- Reports indicate that Nigeria may witness massive protests by students over the recent increment in the pump price of petrol
- NANS has given the Buhari administration an ultimatum to reverse the petrol price hike
- The student union described the increment as a harsh and anti-people policy
There are indications that Nigeria may soon witness massive protests by students over the recent increment in the pump price of petrol.
The National Association of Nigerian Students (NANS) has given the President Muhammadu Buhari’s administration an ultimatum to reverse the increment in the pump price of petrol or face mass protests by the students, Leadership reported.
The vice president of NANS, Ojo Raymond, said that Nigerian students totally rejected the increment.
He described the increment of the pump price of petrol as a harsh and anti-people policy.
According to Vanguard, Raymond pointed out that the new pump price tariff will worsen the economic and social life of Nigerians.
He stated that the citizens were displeased over the increase in essential services such as the electricity tariff, cable subscription, and the petrol pump price.
The student union called on the government to end all forms of anti-people policies.
Meanwhile, amid the ongoing bitter responses trailing the hike in the price of fuel across the country, a former senator, Sheu Sani has revealed why Nigerians did not hit the street in protest against the development.
Speaking through a tweet on Saturday, September 5, Sani, who represented Kanuda Central in the eighth Senate, said Nigerians did not protest the fuel price as they did in 2012, because they were waiting for people to protest for them.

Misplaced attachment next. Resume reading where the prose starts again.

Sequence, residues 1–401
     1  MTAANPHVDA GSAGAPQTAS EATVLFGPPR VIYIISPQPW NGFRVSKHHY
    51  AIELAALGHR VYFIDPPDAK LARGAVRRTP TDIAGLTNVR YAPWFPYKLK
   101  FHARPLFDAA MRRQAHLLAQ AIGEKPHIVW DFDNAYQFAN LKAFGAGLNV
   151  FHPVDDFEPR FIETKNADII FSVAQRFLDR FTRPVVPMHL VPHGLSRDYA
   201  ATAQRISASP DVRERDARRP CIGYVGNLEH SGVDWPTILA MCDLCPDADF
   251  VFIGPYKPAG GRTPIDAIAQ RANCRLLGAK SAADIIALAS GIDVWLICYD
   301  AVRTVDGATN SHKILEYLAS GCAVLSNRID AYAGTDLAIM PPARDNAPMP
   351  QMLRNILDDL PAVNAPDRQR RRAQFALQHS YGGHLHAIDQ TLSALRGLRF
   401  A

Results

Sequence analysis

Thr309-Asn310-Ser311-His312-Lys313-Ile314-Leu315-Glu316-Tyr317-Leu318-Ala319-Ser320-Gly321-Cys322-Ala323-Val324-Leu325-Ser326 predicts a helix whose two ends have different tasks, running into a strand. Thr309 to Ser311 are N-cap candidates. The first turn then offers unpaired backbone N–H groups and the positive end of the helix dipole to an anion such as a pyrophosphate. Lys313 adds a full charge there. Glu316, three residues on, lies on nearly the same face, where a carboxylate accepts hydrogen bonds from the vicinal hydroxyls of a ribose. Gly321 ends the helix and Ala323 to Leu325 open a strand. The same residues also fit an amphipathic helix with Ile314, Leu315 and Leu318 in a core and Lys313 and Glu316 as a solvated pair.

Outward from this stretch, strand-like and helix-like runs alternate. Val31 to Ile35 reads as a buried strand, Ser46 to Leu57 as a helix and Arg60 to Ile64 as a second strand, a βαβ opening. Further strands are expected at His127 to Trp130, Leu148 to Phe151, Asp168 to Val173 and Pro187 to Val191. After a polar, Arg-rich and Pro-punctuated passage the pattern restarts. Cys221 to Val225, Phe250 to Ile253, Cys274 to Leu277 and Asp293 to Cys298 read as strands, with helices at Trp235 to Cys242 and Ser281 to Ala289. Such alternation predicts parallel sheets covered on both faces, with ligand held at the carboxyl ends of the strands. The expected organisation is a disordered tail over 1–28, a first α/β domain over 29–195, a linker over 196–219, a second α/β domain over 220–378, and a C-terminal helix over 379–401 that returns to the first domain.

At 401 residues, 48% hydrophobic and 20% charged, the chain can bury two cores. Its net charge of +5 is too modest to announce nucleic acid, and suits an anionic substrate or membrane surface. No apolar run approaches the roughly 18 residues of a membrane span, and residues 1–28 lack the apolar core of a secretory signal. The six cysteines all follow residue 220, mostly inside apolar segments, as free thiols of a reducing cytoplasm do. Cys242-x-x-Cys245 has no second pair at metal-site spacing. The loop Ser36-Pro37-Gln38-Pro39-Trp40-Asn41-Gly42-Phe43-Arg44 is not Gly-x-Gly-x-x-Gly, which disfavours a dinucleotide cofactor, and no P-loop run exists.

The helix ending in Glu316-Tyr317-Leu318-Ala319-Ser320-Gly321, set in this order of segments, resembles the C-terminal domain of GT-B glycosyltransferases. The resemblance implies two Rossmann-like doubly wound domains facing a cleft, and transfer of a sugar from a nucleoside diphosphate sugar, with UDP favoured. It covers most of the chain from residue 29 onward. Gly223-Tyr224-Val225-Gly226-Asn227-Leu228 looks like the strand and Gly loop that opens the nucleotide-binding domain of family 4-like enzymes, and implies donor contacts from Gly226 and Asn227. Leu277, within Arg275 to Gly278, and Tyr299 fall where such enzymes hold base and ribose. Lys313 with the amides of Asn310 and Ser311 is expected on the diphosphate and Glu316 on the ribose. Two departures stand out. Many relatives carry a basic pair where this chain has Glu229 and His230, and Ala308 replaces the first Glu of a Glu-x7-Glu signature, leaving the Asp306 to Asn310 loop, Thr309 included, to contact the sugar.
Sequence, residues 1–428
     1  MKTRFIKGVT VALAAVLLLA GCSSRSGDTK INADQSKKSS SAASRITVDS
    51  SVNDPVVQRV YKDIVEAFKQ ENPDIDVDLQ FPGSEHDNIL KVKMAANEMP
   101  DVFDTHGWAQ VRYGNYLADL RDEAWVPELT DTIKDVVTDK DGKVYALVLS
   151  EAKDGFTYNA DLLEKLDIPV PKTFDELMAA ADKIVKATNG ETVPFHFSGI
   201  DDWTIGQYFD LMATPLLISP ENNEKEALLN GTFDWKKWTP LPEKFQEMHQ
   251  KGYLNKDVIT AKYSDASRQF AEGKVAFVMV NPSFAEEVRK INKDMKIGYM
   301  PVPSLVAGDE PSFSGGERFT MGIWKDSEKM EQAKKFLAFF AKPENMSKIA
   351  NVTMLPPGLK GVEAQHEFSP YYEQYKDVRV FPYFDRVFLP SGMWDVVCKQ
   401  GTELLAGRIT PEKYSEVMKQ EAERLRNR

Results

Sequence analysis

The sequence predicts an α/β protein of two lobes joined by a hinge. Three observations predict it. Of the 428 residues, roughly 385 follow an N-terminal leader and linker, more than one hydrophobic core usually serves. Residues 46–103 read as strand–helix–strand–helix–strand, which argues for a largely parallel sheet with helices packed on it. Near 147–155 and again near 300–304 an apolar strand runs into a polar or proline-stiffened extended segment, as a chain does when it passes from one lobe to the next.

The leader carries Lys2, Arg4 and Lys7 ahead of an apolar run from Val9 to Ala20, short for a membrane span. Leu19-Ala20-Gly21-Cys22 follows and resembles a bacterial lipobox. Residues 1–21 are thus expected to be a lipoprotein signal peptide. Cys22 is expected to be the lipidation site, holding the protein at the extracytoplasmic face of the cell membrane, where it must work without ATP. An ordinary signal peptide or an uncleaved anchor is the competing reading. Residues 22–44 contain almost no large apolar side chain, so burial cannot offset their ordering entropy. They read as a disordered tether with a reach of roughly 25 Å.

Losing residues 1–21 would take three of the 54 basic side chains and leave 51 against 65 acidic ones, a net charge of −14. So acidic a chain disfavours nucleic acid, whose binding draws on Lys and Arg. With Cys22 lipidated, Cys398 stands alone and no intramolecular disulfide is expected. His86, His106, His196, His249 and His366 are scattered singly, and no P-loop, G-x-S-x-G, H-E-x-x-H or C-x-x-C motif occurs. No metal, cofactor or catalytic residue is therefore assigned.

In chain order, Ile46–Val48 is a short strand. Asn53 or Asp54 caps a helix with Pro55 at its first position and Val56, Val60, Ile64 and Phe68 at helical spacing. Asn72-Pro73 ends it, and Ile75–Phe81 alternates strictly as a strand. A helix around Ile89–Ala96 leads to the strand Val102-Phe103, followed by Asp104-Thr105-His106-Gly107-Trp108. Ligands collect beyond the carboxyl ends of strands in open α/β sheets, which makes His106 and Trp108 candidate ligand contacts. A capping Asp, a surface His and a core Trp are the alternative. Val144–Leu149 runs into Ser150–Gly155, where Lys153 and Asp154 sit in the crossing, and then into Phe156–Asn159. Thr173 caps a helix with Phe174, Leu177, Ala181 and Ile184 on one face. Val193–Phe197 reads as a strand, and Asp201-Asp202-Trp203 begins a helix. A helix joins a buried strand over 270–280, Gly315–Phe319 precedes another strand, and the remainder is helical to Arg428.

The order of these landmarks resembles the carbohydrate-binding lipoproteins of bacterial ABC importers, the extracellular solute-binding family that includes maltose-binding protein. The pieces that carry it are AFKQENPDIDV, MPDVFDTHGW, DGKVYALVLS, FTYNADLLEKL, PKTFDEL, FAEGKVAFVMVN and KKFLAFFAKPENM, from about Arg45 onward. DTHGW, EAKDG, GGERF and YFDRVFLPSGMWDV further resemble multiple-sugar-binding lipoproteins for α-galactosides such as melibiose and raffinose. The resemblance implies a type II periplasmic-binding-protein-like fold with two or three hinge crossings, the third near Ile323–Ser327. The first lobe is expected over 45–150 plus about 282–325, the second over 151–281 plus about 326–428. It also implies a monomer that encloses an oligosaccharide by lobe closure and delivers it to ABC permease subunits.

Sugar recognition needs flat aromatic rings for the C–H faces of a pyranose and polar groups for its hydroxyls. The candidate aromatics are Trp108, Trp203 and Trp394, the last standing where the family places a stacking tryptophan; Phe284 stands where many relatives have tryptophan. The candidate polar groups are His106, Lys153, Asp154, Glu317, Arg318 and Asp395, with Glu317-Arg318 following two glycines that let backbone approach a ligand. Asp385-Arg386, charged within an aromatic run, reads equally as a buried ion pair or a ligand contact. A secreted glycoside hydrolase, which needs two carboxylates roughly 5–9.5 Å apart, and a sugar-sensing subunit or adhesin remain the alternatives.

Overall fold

"Everybody is waiting for somebody to protest and there is nobody," the former lawmaker and critic said in a tweet.
In another news report, the minister of state, Labour and Employment, Festus Keyamo, has made a key statement regarding the "tough policies" being introduced by the Muhammadu Buhari-led government.
Keyamo, a Senior Advocate of Nigeria (SAN), had made the statement in August 2015, a few months after President Buhari's first term election.
The minister, however, recalled the statement again in a tweet on Monday, September 7, one year after the president's re-election.
Still on the fuel price increase, a former Emir of Kano, Muhammad Sanusi II, has thrown his weight behind the removal of the fuel subsidy and other measures being taken by the federal government to stabilize the economy.
In an interview on Arise TV on Friday, September 4, Sanusi said the move by the government was critical and the right thing to do.
According to him, there is now improved transparency in the Nigerian National Petroleum Corporation (NNPC).
5 years after, Nigerians speak about Buhari's administration | Legit TV